Many of my friends from Connecticut made the move to Houston or Austin. I am not jealous at all. I much prefer the nicer scenery and politics of New England than Texas. And even the climate. Today, we had snow flurries here in CT and tonight there is a freeze warning, but I don't care.

There are many people who are happy and love Texas though, so don't take my opinion/experience as factual, but I figured I'd share.
What do your friends who've made the move to Houston have to say about it?
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Old 04-23-2015, 03:53 PM
 
Location: Jacksonville, FL
11,145 posts, read 14,123,720 times
Reputation: 7075
Quote:
Originally Posted by LongNote View Post
Well said, thanks!



What do your friends who've made the move to Houston have to say about it?
Well, just for reference, my friends who moved to Houston are in their early 30's and gay.

One of them prefers it over Connecticut, because he says there are more fun things to do, and housing is more affordable for him. But I could understand why, because he simply doesn't make much money, so staying in CT wasn't really an option. He did, however, complain about the traffic and humidity.

Another friend of mine seems to like it, and has a thriving social life there, but he complains about the ridiculous anti-gay, conservative politics of Texas. But he's there for college/career reasons. He has also made a few Facebook posts complaining about the traffic lol. One such quote was, "Houston traffic will be the death of me."

I also have another friend who moved to Austin for college. I have no idea if he actually likes it or not.

So, they all seem to be doing fine. From what I could gather, it seems like they mention pros and cons of living there. So it's not like some paradise or amazing place to live. But it works fine. They all moved there for career or college reasons. Not sure if they would have moved there out of pure personal preference, though.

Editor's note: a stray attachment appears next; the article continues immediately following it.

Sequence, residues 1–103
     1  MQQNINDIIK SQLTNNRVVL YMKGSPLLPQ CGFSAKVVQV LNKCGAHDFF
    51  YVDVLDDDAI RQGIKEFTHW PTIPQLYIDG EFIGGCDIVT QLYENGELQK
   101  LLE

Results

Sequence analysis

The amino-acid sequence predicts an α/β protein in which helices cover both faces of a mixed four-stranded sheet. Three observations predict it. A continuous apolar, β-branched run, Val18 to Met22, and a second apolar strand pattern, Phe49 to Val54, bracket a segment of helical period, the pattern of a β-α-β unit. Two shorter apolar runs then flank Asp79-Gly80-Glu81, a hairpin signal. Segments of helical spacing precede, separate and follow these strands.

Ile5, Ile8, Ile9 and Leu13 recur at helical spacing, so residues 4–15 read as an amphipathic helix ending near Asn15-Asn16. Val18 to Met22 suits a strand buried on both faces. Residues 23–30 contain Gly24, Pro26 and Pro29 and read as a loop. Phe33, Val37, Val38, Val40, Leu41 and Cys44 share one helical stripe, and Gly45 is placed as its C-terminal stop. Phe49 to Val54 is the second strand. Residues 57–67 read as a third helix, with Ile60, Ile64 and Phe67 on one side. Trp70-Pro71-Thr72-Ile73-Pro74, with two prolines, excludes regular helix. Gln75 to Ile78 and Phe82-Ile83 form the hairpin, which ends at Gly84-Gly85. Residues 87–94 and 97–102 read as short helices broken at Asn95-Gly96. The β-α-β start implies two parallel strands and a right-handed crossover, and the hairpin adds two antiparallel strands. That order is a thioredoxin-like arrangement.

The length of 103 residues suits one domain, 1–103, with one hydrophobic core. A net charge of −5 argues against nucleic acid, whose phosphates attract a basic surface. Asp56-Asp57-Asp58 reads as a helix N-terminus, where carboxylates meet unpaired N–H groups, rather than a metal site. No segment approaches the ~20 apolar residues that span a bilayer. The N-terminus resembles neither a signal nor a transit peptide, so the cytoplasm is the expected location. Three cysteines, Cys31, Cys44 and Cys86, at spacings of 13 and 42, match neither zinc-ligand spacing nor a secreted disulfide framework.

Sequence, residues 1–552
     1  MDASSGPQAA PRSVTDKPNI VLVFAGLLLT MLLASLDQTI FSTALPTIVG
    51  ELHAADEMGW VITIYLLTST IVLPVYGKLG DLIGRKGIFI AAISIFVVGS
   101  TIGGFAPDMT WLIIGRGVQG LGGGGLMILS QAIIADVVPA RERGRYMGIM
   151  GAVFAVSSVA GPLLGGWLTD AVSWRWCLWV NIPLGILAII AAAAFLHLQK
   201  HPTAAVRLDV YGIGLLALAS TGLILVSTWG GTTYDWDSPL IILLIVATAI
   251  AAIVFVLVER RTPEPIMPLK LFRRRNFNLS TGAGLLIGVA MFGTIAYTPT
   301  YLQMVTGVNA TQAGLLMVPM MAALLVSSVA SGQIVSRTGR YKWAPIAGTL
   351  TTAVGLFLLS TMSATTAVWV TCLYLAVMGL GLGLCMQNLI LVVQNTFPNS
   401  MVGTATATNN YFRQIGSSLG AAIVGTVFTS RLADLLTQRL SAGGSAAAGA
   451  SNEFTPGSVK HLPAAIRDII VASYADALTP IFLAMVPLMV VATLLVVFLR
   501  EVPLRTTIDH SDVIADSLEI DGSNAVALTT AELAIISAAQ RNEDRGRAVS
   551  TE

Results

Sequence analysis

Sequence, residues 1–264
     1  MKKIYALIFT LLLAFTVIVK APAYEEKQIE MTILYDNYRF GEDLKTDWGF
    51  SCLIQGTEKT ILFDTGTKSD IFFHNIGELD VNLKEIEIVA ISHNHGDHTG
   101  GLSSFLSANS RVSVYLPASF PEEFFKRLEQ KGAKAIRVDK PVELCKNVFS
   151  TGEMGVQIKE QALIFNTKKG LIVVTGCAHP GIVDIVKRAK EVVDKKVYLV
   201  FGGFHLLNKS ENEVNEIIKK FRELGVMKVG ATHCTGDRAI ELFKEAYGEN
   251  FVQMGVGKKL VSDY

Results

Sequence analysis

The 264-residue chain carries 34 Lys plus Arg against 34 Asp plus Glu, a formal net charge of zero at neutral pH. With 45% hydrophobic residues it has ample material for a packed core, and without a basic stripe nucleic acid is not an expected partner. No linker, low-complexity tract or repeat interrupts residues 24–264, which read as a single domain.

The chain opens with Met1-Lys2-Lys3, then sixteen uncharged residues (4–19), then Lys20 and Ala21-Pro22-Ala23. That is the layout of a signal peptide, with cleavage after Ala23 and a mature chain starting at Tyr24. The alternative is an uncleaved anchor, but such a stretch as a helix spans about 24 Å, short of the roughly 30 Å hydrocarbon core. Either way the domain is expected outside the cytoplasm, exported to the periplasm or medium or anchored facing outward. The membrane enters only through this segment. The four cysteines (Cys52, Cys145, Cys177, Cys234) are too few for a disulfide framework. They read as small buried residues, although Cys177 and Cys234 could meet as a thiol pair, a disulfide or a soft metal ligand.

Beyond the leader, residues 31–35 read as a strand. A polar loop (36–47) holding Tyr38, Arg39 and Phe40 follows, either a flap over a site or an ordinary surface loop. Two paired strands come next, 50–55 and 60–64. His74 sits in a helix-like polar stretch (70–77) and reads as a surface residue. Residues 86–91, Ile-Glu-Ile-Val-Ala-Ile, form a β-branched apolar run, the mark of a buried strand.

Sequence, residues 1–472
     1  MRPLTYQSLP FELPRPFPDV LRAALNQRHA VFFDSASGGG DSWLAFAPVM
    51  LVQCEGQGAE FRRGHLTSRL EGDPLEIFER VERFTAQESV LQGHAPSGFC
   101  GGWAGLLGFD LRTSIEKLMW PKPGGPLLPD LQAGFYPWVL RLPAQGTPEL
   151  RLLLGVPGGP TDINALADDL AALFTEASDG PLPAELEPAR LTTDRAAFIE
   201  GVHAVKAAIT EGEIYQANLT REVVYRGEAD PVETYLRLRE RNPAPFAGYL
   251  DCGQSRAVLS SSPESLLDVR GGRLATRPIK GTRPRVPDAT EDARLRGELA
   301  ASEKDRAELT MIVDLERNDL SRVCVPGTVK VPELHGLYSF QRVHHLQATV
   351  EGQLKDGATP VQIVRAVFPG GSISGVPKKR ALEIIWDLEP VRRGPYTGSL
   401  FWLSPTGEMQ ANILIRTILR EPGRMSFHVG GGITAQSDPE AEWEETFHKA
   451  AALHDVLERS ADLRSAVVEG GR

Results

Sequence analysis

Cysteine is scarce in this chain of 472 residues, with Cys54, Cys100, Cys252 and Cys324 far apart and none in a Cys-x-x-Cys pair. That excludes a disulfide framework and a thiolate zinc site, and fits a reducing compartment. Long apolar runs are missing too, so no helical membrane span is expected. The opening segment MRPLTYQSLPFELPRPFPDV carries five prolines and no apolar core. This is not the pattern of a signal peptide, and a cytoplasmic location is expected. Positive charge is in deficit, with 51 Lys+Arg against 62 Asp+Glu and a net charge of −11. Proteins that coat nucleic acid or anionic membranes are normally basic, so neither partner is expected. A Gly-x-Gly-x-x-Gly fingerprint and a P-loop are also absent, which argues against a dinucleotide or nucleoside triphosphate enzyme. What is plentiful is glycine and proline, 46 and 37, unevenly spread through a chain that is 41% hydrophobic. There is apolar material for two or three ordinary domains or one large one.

I did, however, find the countryside of Texas to be quite nice and pleasant. I thought it was quite scenic and appealing, especially in western Texas.

Unfortunately, the major metropolitan areas of Texas are overcrowded, with horrible traffic. Combine that with the conservative anti-gay politics, and it's a no-go for me, personally. I also don't like the whole Texas "theme" and pride that's prevalent all over the state. I found it to be kind of annoying. I don't care about job creation or no income tax. I would MUCH rather pay super high taxes and enjoy where I live.
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Old 04-23-2015, 04:18 PM
 
Location: Lexington, Kentucky
6,988 posts, read 3,999,263 times
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I moved to a city that I detested for awhile..got out of there within a year.
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Old 04-23-2015, 08:49 PM
 
Location: A subtropical paradise
2,069 posts, read 2,199,368 times
Reputation: 1329
Quote:
Originally Posted by lovely40 View Post
I recently left DFW to move to the East Coast. I too struggled with the "practicality" of staying vs. leaving Dallas, but eventually gave in to my heart that was telling me to leave. I would highly advise not to move to Houston either. The cities are too similar to "hate" one but like the other. Once the novelty of the move wears off, then you're still stuck in TX. I also considered a move to Houston, but after spending time there I found no compelling reason to do so.
Good joke, good joke.

I bet you think San Fransisco and LA are too similar as well.
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Old 04-24-2015, 06:11 AM
 
Location: Wonderland
44,797 posts, read 36,172,094 times
Reputation: 63452
Quote:
Originally Posted by LongNote View Post
I use to live in DFW and I hated it with a passion. I moved away and recently visited the state again, but different cities this time (San Antonio, Austin, Houston). Out of those cities I liked Houston the best, and I've been offered a job there that pays well and that's just a few miles away from an apartment that I was looking at and really liked.